Man subjected to abuse by girlfriend calls for more support for male victims
A MAN whose girlfriend was jailed for subjecting him to more than a year of physical and mental abuse is demanding more support for male victims.
Ian McNicholl's life was made hell by Michelle Williamson during the 17-month ordeal which saw her burn him with an iron, spray bleach in his eyes, put lit cigarettes up his nose, pour boiling water over him and smash his arm with a hammer.
Figures revealed under the Freedom of Information Act reveal the Hull Domestic Abuse Partnership has an annual budget of £329,000.
But with 1,252 men reporting domestic violence last year, just £11,000 is available to help male victims.
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By contrast, £126,100 is set aside to help male perpetrators on the city's Strength To Change programme. Of the 498 men who referred themselves from 2009 to 2011, just 29 had completed the programme by January this year.
Mr McNicholl, 50, who is still awaiting surgery for his injuries, claims men who have suffered domestic abuse are being ignored and treated "like second-class citizens".
He said: "If you measure the success of Strength To Change by the number of people who completed the course, in excess of £11,000 is being spent on each perpetrator.
"We only have £11,000 to spread over more than 1,000 male victims in Hull, which is less than £9 per person.
"This should be the source of professional embarrassment for anyone who works in the arena of domestic abuse services in Hull.
"I think there should be a public inquiry.
"If you are spending that much money, wouldn't you want to see more of a success rate?
"It's an absolute disgrace."
Of all the literature available to victims of domestic abuse in Hull, just one out of about 40 leaflets and posters was directly aimed at male victims.
The figures show 172 male perpetrators of domestic abuse failed to attend their first Strength To Change appointment following their call to the helpline between 2009 and 2011.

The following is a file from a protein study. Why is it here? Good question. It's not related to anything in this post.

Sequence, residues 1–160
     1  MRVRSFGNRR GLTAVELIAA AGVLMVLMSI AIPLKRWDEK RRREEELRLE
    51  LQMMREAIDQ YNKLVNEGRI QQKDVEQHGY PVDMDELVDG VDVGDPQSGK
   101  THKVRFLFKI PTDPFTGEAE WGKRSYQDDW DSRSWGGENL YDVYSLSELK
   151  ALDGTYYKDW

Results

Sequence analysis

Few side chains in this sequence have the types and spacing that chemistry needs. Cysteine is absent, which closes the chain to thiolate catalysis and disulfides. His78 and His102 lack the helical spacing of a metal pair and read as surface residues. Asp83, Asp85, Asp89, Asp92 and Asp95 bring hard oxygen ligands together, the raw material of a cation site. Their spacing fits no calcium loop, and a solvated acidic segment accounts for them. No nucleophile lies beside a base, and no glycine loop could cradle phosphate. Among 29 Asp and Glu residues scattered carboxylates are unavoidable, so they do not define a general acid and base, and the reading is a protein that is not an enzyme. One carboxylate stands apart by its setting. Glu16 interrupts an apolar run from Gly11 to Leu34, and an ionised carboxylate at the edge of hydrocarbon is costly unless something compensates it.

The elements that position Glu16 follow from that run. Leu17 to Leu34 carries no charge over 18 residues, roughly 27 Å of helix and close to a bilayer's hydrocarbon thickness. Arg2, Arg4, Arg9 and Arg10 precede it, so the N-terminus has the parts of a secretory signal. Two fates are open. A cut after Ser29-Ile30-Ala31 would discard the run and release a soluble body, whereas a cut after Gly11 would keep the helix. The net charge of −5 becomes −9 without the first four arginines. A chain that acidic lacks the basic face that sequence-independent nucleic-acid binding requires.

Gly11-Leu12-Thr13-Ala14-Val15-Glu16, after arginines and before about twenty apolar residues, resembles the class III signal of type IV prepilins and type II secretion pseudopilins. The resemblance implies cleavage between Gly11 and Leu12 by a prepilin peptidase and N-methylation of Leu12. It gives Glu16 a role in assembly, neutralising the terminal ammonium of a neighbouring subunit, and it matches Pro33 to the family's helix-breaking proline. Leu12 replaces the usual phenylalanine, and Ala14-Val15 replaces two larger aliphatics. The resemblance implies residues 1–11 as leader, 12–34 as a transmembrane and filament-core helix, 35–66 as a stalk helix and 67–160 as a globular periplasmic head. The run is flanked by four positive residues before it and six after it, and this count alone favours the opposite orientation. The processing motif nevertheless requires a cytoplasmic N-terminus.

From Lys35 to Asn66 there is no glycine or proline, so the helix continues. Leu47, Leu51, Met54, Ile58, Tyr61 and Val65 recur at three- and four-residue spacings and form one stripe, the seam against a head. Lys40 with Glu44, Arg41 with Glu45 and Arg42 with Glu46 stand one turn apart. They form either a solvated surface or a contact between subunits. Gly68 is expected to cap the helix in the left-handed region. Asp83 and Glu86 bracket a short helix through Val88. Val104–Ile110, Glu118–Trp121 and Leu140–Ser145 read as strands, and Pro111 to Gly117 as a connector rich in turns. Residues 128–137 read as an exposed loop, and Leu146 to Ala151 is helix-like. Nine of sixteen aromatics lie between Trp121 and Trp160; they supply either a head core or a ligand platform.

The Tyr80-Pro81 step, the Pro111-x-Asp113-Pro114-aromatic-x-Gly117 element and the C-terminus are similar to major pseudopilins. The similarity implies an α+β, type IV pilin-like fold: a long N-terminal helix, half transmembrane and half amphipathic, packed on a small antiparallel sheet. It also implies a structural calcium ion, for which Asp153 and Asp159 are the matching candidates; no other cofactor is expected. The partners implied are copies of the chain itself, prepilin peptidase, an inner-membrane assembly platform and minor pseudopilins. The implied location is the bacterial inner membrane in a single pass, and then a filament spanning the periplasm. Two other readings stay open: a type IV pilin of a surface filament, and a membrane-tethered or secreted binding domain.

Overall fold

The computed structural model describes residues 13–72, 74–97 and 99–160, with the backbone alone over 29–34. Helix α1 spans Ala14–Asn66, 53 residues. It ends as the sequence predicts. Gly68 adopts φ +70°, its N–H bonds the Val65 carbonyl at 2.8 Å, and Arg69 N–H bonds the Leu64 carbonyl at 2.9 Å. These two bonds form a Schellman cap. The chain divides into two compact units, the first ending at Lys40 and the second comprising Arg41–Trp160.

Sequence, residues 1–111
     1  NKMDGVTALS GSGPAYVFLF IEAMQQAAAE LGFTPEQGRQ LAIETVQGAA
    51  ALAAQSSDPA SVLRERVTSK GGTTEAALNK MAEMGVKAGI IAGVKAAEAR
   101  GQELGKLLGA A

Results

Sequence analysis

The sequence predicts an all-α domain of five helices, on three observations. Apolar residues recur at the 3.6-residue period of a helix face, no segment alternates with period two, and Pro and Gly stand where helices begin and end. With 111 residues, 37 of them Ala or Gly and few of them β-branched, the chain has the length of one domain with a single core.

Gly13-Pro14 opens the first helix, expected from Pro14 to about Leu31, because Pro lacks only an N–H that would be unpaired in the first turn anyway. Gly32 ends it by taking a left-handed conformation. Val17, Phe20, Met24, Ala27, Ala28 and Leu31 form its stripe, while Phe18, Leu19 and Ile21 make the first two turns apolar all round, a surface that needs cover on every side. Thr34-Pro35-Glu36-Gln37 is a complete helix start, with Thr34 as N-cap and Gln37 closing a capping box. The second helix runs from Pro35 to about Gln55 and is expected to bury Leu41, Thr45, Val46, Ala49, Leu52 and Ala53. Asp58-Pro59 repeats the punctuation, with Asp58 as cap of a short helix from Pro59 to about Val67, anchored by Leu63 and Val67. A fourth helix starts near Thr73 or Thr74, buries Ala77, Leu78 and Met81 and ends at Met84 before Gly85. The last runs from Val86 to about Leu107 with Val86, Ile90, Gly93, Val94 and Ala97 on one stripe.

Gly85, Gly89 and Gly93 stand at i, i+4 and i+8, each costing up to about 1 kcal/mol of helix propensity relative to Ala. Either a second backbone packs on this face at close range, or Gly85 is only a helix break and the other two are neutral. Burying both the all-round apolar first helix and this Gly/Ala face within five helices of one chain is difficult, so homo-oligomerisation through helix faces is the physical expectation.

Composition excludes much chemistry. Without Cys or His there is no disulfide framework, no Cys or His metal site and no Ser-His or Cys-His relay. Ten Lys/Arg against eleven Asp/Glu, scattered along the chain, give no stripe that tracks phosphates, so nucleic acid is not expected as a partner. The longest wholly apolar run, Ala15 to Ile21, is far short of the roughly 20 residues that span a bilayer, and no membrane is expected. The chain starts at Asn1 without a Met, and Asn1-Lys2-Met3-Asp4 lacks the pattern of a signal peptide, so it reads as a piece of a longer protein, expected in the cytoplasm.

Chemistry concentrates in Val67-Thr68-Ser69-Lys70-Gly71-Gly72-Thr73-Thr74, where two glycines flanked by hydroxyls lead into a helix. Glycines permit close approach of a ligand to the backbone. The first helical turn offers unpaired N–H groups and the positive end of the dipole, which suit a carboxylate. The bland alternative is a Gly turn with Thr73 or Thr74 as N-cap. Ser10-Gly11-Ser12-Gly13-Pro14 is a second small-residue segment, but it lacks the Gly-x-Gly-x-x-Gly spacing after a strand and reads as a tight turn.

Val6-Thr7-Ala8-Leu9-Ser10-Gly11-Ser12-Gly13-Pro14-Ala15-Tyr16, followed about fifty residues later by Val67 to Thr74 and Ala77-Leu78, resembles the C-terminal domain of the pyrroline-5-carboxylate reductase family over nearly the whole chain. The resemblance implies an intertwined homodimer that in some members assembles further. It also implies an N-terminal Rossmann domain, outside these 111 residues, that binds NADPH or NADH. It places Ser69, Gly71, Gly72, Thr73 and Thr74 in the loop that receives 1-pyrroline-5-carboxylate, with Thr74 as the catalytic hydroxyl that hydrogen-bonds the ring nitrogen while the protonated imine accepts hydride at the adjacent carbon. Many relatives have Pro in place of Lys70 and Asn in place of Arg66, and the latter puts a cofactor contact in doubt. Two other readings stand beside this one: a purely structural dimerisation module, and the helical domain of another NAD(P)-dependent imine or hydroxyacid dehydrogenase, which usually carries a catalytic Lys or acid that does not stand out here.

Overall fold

This includes men who forgot about their appointment, did not believe they had a problem, decided not to seek help or were incorrectly signposted to the service.
Meanwhile, 67 men attended the initial assessment during the same time but did not return to complete the course.
According to the Freedom of Information response, the Strength To Change programme has four members of staff, while the male victims worker at the Hull Domestic Abuse Partnership works 20 hours a week.
Mr McNicholl, who lived in Grimsby at the time of his ordeal but now lives in Hull city centre, said his life was saved when an anonymous phone call was made to police by a concerned neighbour.
Williamson was convicted of two offences of causing grievous bodily harm with intent and three offences of assaulting Mr McNicholl, causing actual bodily harm, between Christmas 2006 and May 2008.
She was jailed for seven years in April 2009 at Grimsby Crown Court and is due to be released on licence in September.
Mr McNicholl said: "We have got to change the public perception that domestic abuse is just male on female.
"I agree it's the majority and I don't want to see any services cut for women or perpetrators.
"But male victims are being treated like paupers and the awareness is all aimed at female services.
"Either the Strength To Change course is not working, people have been incorrectly signposted, or maybe, for whatever reason, people who are being offered help are walking away from it.
"No one can deny men are victims of domestic abuse."
According to the figures, 5,811 women reported domestic abuse to police in Hull in 2011, compared with 5,357 in 2010 and 5,253 in 2009.